This has really confused me for a long time. Considering the fact that the Classical Japanese form of the verb 閉じる is 閉づ, the expected reflex of 閉ざす should be *閉だす; 閉じる is actually etymologically 閉ぢる and the spelling with じ is just a consequence of the 四つ仮名 & 現代仮名遣い. However, it is not - the modern form 閉ざす suggests a classical form 閉ず, which would make no sense as there wasn't even a ザ行上二段活用 verb class (there was a shimo nidan one though). This is obviously a huge contradiction. And this obviously can't be just an exceptional quirk of the ダ行 if it weren't also for the existence of [怖]{お}じる/[脅]{おど}す, coming from [怖]{お}づ, of the same kami nidan class as 閉づ.

So my question is, what is the deal with this inconsistency? Why 閉ざす and not *閉だす?

My only possible guess for this is that 閉ざす is actually not derived from the same root as 閉づ at all but a compound [戸]{と}[鎖]{ざ}す, and it was just confused/conflated/reanalyzed as being related to 閉じる later on when the ぢ-じ distinction disappeared. But that seems kind of problematic, because 閉じる was still written as 閉ぢる up until 1946 or later, and popularized/standardized kanji spellings have generally been coined way back in time before that, probably even before the 四つ仮名 mergers became widespread in the Edo period.

1 Answer 1


This is a good example of how kanji spellings can obscure word derivations. 😄

閉【と】ざす, despite the kanji, is etymologically unrelated to 閉【と】じる.


This first appears in a text from 810, and was conjugated as a 上二段活用動詞【かみにだんかつようどうし】 or "upper-bigrade conjugation verb". These are the precursors to your modern "vowel-stem verbs" where the stem (the part that stays the same across all conjugations) ends in //i//. The original 終止形【しゅうしけい】 ("terminal form", a.k.a. sentence-ending form, predicative form, plain form, dictionary form) was とづ.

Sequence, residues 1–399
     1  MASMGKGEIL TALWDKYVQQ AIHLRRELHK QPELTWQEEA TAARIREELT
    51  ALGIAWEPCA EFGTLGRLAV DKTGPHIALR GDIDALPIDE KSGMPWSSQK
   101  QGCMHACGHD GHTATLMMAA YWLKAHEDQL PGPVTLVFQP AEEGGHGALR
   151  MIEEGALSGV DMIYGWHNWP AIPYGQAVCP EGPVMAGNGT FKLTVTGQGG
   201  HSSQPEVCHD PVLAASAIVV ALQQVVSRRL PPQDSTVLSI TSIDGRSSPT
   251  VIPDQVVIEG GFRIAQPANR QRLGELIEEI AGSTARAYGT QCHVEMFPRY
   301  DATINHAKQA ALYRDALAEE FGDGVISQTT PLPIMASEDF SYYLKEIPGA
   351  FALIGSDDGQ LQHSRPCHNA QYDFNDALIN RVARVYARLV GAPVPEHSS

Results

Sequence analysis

The verb is one of the rare ambitransitive verbs in Japanese, meaning it can be used as both transitive and intransitive. It looks like the transitive senses are attested first (in 810), followed later by the intransitive senses starting in The Tale of Genji in about 1000.

The core meaning has been "to close".


This first appears in roughly 900, conjugated as a 四段活用動詞【よだんかつようどうし】 or "quadrigrade conjugation verb". These are the precursors to your modern "consonant-stem verbs" where the stem (the part that stays the same across all conjugations) ends in a consonant -- in this case, //s//.

This verb is also attested as ambitransitive, with the intransitive senses appearing from around 900, and the transitive much later, from around 1885. The intransitive senses appear to have become obsolete, likely due to the ~す ending giving an impression that this verb should be transitive.

The core meaning has been "to close and lock".

This aligns with the compound meaning indicated by many dictionaries I've consulted -- とざす from 戸【と】 ("door") + 鎖【さ】す ("to close", with overtones of "to lock", from the base sasu sense of "to pierce with something long and skinny", presumably in reference to either the bolt or key of a lock).


Considering the compound nature of とざす, it is reasonable to wonder if とじる is also a compound. Given older spelling とぢる and original base form とづ, this looks like it might be from 戸【と】 ("door") + 出【づ】 ("to come out"), perhaps from the way that doors in Asian architecture are often pocket doors that slide out from the wall.

However, 出【づ】 consistently conjugates as a 下二段活用動詞【しもにだんかつようどうし】 or "lower-bigrade conjugation verb" with conjugation stems ending in //e//. I cannot find any evidence of this ever appearing as an upper-bigrade verb instead, so this looks like a long-shot theory at best.


I often refer to the 日本国語大辞典【にほんこくごだいじてん】 or NKD. This dictionary often includes more historical information about words than most other dictionaries that I've used. One version of the NKD is made available for free by online reference aggregator Kotobank.

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